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“Kick Out Undocumented Workers!”

While a vocal minority of Americans may may espouse this view, the vast majority see it differently. Looking beyond the surface, one finds that the undocumented immigrant issue is not a law and order problem so much as a policy and economic one.

Public Opinion: Survey Says….

Polls show that the majority of Americans increasingly understand that the immigration system is broken and support immigration reform and a pathway to citizenship. We are now seeing that undocumented workers contribute to society rather than imposing a financial burden, as law abiding, productive members of society whose work does not threaten larger employment opportunities. Contrarily, I have seen instances of legal immigrants cheating the system, such as well-off immigrants bringin their parents to the states and enrolling them in welfare.

Immigrants Not Viewed As A Threat

The public does not view the workers as a threat: 2012 Chicago Council Survey shows that Americans have grown less concerned over the last decade about large numbers of immigrants—legal or illegal—coming to the US, with just a 40% minority considering a large influx of immigrants and refugees a “critical threat.”

Mass Deportation Opposed Across All Demographics and Political Affiliations

Five recent polls by organizations from across the political spectrum—from Fox so-called News to Latino Decisions: “unequivocally illustrate that the vast majority of Americans support smart solutions to immigration reform and reject mass deportation. They support a pathway to citizenship for people who are part of our communities, learn English, pay back taxes, and so forth, and they reject tearing these families apart. Put simply, these polls illustrate that the ideological extremism of the hard right is well outside the mainstream pragmatism of the American people.”

The Fox “News” data holds true across all American demographics ,regardless of whether one is rich or poor, liberal or conservative, college graduate or not, white, black, or brown, or even a member of the Tea Party. For instance, a poll by Fox “News” shows an unquestionably pro-immigrant America.

The two firms employed by Fox to poll registered voters found the following:

– only 19% said that the government should send all unauthorized immigrants back to their country of origin.

– 66% stated that they should be allowed to remain in the country and eventually become citizens after paying back taxes, learning English, and passing a background check.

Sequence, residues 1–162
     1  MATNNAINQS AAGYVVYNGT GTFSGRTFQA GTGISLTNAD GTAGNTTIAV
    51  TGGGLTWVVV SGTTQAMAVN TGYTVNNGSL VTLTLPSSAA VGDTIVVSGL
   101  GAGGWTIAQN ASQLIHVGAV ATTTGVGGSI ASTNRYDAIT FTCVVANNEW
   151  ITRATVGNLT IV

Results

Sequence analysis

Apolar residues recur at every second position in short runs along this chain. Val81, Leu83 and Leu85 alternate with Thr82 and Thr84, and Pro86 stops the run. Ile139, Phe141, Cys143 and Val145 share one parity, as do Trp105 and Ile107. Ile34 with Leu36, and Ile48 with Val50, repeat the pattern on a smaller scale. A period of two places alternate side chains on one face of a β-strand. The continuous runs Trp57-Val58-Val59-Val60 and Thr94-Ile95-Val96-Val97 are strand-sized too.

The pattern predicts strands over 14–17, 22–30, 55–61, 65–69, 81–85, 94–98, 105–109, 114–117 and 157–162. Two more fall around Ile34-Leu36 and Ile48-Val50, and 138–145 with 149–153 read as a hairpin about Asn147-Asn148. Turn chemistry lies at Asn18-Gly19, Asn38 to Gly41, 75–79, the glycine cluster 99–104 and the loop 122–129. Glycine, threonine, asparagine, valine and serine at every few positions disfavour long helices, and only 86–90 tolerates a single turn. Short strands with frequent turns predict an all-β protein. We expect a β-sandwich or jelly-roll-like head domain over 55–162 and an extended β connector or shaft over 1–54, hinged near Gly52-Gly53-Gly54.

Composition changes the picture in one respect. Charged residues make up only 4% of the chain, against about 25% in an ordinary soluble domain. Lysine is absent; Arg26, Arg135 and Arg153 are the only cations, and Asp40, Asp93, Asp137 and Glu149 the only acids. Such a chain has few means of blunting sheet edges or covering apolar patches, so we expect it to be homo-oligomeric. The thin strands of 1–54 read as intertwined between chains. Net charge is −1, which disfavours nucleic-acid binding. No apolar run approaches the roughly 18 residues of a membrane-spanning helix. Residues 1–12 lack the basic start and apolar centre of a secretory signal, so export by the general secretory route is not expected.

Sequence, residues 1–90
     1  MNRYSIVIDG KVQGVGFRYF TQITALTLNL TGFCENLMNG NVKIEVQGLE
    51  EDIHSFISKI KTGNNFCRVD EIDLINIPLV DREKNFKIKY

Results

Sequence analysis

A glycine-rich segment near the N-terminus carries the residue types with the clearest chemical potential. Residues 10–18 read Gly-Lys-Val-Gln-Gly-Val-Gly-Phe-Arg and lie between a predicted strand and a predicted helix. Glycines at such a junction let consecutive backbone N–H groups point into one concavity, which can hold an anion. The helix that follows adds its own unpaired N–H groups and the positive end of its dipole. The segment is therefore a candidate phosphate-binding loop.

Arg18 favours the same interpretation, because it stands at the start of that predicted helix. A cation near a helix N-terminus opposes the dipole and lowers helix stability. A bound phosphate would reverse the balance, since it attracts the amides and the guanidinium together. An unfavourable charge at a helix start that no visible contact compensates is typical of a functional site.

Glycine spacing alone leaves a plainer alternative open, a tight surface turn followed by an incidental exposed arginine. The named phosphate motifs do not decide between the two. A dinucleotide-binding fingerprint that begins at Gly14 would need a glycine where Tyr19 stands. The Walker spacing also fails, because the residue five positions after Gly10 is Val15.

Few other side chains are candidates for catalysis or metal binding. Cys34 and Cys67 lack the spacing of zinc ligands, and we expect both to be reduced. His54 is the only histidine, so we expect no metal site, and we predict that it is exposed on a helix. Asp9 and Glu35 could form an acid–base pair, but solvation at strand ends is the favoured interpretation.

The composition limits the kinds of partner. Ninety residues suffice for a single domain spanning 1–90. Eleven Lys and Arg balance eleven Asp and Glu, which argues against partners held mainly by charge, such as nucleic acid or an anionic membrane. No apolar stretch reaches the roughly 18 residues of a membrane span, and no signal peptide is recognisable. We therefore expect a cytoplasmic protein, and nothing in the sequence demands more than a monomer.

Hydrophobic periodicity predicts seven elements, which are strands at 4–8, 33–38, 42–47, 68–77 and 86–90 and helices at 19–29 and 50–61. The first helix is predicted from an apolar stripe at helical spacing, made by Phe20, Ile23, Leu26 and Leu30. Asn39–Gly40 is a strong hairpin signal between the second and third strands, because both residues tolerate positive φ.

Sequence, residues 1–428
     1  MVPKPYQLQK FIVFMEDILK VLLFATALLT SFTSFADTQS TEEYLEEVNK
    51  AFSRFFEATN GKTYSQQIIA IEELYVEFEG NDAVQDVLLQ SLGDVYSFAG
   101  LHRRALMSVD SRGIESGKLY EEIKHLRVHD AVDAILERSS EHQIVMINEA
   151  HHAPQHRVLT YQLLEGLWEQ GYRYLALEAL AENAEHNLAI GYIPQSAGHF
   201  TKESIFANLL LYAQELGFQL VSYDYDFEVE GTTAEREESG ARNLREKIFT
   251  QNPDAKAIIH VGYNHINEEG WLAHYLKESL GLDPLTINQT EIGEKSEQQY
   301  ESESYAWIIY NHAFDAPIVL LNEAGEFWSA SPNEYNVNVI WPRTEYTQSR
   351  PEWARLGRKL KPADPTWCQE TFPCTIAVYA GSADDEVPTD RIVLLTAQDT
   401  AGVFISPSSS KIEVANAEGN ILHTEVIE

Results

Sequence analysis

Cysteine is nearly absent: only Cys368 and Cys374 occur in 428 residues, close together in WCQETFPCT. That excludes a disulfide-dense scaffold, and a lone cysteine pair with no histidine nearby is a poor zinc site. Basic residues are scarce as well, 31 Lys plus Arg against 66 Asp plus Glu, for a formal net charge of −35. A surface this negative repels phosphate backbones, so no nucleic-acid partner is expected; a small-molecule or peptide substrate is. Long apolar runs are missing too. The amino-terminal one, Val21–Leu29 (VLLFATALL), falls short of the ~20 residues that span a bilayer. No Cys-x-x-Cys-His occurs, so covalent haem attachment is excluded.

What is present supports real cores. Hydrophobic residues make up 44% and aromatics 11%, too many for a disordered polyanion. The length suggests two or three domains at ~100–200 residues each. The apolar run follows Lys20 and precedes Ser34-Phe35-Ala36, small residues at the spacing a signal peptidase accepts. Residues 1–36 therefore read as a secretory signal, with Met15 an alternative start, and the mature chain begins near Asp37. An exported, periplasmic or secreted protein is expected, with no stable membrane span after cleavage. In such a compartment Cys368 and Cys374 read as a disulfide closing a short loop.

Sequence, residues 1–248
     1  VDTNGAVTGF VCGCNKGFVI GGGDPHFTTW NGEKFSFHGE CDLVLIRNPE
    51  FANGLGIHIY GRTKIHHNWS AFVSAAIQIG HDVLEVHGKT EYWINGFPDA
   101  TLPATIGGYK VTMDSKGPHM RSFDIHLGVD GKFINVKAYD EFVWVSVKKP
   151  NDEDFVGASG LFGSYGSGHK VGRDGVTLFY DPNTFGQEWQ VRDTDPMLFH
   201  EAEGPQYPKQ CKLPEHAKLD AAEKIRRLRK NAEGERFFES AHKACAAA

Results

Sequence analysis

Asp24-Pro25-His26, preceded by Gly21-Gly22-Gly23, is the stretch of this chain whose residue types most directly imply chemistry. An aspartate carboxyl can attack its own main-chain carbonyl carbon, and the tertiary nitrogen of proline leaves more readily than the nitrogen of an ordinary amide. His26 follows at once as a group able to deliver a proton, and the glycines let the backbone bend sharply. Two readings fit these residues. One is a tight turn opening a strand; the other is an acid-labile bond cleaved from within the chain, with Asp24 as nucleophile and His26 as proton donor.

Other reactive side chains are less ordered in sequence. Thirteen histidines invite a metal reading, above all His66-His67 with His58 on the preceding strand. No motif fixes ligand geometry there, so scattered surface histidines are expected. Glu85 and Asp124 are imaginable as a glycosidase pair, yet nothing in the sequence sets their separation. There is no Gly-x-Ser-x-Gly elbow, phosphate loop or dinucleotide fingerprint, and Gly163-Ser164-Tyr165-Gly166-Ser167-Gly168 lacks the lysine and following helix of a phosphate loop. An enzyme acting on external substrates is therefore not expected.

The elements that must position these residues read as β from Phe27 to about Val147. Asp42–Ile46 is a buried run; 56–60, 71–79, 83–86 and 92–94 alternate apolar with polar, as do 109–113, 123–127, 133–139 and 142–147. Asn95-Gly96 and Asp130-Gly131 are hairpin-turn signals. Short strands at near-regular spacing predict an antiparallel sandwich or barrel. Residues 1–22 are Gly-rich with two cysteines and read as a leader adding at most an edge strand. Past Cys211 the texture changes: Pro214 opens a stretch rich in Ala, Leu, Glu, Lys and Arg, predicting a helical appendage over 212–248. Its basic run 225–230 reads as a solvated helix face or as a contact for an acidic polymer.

– Just 14% of Democrats and 26% of Republicans support mass deportation.

Additionally 63% in the Fox poll favor “increasing the number of legal immigrants allowed to come to the United States as long as they agree to work, pay taxes and obey the law?” vs. just 33 percent opposed. Clearly, the majority realizes that outdated  immigration law is the problem.

Policy and Economic Facts

It seems that those who are lucky enough to have obtained permanent resident or citizenship status should be grateful for and humbled by their good fortunes, because few are lucky enough to get that chance.

Looking beyond the simplistic messaging of the political theater that frames the issue as a law and order problem, certain policy and economic facts come to light, showing that  U.S. corporate interests are more blameworthy than the individuals scapegoated, just as they are for the deteriorating economic condition of American workers – the shrinking middle class. In either case, ordinary workers are scapegoated fort the economic policies promoted by a wealthy few shareholders – rule by the minority.

American Trade Policies Partly to Blame

Mexican workers have suffered as a result of U.S. trade policy enacted under the Clinton administration, since a study by the Carnegie Endowment for International Peace finds that Mexico, after 15 years, has fared poorly under the NAFTA accord. The report points out several problems that contributed to the low growth. Overall, Mexico was unable to create enough jobs to make up for all the jobs lost because of competition from imports, particularly purchases of subsidized grains from the United States. The oversupply of labor, along with government policies that succeeded in keeping wages low, have led to a slight increase in the gap between average wages in the United States and Mexico — precisely the opposite of what Nafta was expected to do.

We all now know that H.Ross Perot’s warning of the “giant sucking sound” of jobs leaving the U.S. has come to pass. (This is why I voted for Perot.) The NAFTA accord, combined with numerous other “corporate personhood” initiatives legislated in courts all over the US, have benefited a wealthy few while hurting the economic opportunities of workers on both sides of the border.

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